Malaysia has been the traditional gateway for immigrants from the north to Southeast Asia. Hence it became a melting pot of Malay, Indian and Chinese cultures. The name Malaysia refers to the Malay ethnic group.
The country has consisted of two parts since 1963:
The peninsula Malaysia, also known as West Malaysia, which lies on the southern “tip” of the Asian mainland, to the south of Thailand and
East Malaysia, which consists of two provinces on the island of Borneo.
Both parts are separated by the South China Sea over a distance of around 600 km. Even today, large parts of the country are covered by dense jungle.
Economically, Malaysia is one of the leading so-called tiger states. The standard of living in Malaysia is much higher than that in neighboring countries. The country is a Muslim state, so women should keep this in mind when choosing their wardrobe, especially if they intend to visit rural areas.
|Name of the country
|Form of government
|constitutional elective monarchy, parliamentary democracy with authoritarian elements
|Western Malaysia:100 ° – 114 ° east longitude
1 ° – 7 ° north latitude
109 ° – 119 ° east longitude
1 ° – 7 ° north latitude
|approx. 32 million (Credit: Countryaah: Malaysia Population)
|Malaysians 54%Bumiputeras (indigenous people) 11%
Chinese-born Malaysians 24%
Indian-born Malaysians 8%
|Malaysian (Bahasa Malaysia). English, Chinese and Indian are also spoken.
|Kuala Lumpur with 1.5 million residents, the seat of government is Putrajaya with 68,000 residents.
|Gunung Kinabalu with a height of 4,095 m
|Rajang with a length of around 563 km
|Tasik Chini with an area of 700 km²
|International license plate
|Malay Ringgit (MYR)This has been pegged to the US dollar since September 2nd, 1998.
The exchange rate is: 1 USD = 3.80 RM
|Difference to CET
|+ 7 h (there is no time change)
|International phone code
|Mains voltage, frequency
|240 volts and 50 hertz
|Internet TLD (Top Level Domain)
The peninsula of Malaysia has always served the northern peoples from China and India as a gateway to Southeast Asia and the Pacific region. Indian traders arrived in the region even before our era, bringing scriptures, other religions such as Buddhism and Brahamanism, and a calendar system with them to the region.
According to Abbreviationfinder website, with the increase in international trade from the 5th century in Southeast Asia, which stretched from India to Europe, the peninsula and the Strait of Malacca became an area of strategic importance for global trade at the time.
Malacca developed into the ruling place in the region, which was increasingly Islamized.
Almost all trading nations tried to gain a foothold in the region.
In 1511 Malacca was occupied by the Portuguese. The Dutch took over Malacca in 1641. The English founded Georgetown on the island of Penang in 1786.
In the 18th and 19th centuries
In 1824 the Dutch ceded Malacca to the English. Since 1826 Malacca has been administered together with Singapore and Penang as “Straits settlements” (Settlements of the Strait of Malacca). All three later became English colonies in 1867.
In 1841 the Englishman Brook was installed as ruler of Sarawak by the then Sultan of Brunei. The Brook Dynasty ruled here until 1947. In
1881 the British founded the British North Borneo Chartered Company.
In 1895, the Federated Malaysian States, which were under British protection, were formed from the following sultanates: Negri Sembilan, Perak, Selangor, Sembilan and Pahang. The seat of government has been in Kuala Lumpur since then.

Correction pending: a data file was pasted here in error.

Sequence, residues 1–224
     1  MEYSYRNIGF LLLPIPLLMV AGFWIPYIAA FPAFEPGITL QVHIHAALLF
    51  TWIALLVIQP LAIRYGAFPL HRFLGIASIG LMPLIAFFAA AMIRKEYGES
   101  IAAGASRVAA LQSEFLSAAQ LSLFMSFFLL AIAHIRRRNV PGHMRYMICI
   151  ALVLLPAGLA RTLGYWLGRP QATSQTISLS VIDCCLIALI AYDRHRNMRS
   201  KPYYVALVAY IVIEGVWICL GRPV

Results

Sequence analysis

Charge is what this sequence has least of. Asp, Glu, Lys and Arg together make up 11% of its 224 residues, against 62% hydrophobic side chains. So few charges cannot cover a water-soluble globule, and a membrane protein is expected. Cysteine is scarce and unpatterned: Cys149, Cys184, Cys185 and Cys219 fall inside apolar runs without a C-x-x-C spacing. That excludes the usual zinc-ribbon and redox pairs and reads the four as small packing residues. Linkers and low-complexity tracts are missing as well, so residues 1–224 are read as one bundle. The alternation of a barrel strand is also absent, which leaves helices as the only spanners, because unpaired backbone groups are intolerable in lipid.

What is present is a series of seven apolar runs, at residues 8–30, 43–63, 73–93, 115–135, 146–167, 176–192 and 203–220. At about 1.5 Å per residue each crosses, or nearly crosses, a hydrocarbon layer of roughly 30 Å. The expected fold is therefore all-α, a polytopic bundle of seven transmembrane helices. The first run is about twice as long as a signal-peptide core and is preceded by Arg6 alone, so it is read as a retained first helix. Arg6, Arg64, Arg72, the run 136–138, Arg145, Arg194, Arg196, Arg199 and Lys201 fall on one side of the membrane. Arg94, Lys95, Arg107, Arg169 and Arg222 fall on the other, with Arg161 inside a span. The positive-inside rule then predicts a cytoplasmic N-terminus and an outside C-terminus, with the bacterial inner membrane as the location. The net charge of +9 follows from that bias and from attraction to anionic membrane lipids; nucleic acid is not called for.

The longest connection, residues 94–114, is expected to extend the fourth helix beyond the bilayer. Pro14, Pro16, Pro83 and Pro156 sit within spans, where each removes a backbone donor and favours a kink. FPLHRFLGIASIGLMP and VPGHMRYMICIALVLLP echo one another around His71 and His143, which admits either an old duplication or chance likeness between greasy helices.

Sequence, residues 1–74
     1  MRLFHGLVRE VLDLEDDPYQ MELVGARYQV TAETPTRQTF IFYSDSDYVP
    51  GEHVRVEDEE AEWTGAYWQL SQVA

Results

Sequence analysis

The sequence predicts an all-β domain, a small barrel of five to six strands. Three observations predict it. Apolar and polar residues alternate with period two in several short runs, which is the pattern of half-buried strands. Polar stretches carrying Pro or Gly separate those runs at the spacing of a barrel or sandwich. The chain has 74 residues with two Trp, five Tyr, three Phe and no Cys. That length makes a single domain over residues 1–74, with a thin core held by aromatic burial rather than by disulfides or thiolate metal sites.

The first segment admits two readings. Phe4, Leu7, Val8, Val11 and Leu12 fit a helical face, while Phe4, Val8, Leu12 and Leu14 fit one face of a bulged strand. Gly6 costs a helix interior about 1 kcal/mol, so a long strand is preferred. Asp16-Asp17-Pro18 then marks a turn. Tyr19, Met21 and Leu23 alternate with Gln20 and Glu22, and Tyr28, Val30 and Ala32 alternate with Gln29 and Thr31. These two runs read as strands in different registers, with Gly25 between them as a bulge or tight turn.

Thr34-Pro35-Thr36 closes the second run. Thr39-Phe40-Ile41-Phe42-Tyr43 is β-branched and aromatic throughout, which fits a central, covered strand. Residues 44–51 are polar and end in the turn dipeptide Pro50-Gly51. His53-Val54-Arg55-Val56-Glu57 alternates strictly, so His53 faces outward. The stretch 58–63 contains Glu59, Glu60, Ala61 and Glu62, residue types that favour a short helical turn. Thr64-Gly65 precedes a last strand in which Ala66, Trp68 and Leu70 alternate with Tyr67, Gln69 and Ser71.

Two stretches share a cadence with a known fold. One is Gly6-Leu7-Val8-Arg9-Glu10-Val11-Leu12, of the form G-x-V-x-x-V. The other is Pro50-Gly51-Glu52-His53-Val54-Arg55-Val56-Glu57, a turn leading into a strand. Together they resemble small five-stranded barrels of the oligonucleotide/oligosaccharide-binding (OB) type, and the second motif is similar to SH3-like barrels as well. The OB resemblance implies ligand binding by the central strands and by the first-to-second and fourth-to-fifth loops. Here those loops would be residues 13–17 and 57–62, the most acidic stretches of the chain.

20th century until today
Malaya and Singapore were occupied by the Japanese in 1941/42.
However, Malaya was taken back by the British in 1945.
In the following years from 1948-1960 there were repeated communist uprisings in the north.
In 1957 Malaysia gained independence from England. The then Prime Minister Tunku Abdul Rahman, also known as the father of Malaysia, remained in office until 1970. The state of Malaysia was officially founded in 1963 as a federation of Malaya, Sabah, Sarawak and Singapore, which, however, left the federation two years later.
In 1969 riots broke out because a Chinese minority controlled the majority of the economy.
As mentioned, the government reacted with the New Economy Policy (NEP), which had been in place since 1971. This policy stipulated, for example, that most positions in the administration and government had to be filled by Malaysians.
The quotas in favor of the Malay population also exist in other areas. For example, 30% of company shares should be in Malay hands. In universities, too, Malaysians are given priority, even if Indians or Chinese have better grades.
They are therefore increasingly going to study abroad, where they can find better universities, among other things.
The NEP was originally limited in time. It should expire in 1990. It is still being pursued. This has meanwhile led to former supporters becoming opponents of politics. Because the preference of the Malaysians led to a culture of dependence and laziness in the Malaysian part of the population.
Today, however, around 40% of the company’s shares are still in Chinese hands.
With this policy, however, Malaysia was able to avoid racial unrest, as it happened again and again in neighboring Indonesia. In 1998 there were real racial pogroms there against the Chinese population.
Datuk Tun Hussein Onn became Prime Minister in 1976.
Dato Seri Dr. Mahathir b. Mohamad became the 4th Prime Minister in 1981, who was re-elected as President in 1986, 1990, 1995, and 1999.
In 1998, Deputy Prime Minister Anwar Ibrahim was removed from office and even tried and sentenced.
In the election the following year, Prime Minister Mahathir lost a large proportion of his votes.
He resigned on October 31, 2003. He was succeeded by his deputy, Abdullah Badawi.
In the 2004 elections he won two thirds of the vote and the governing coalition 90% of the seats in parliament.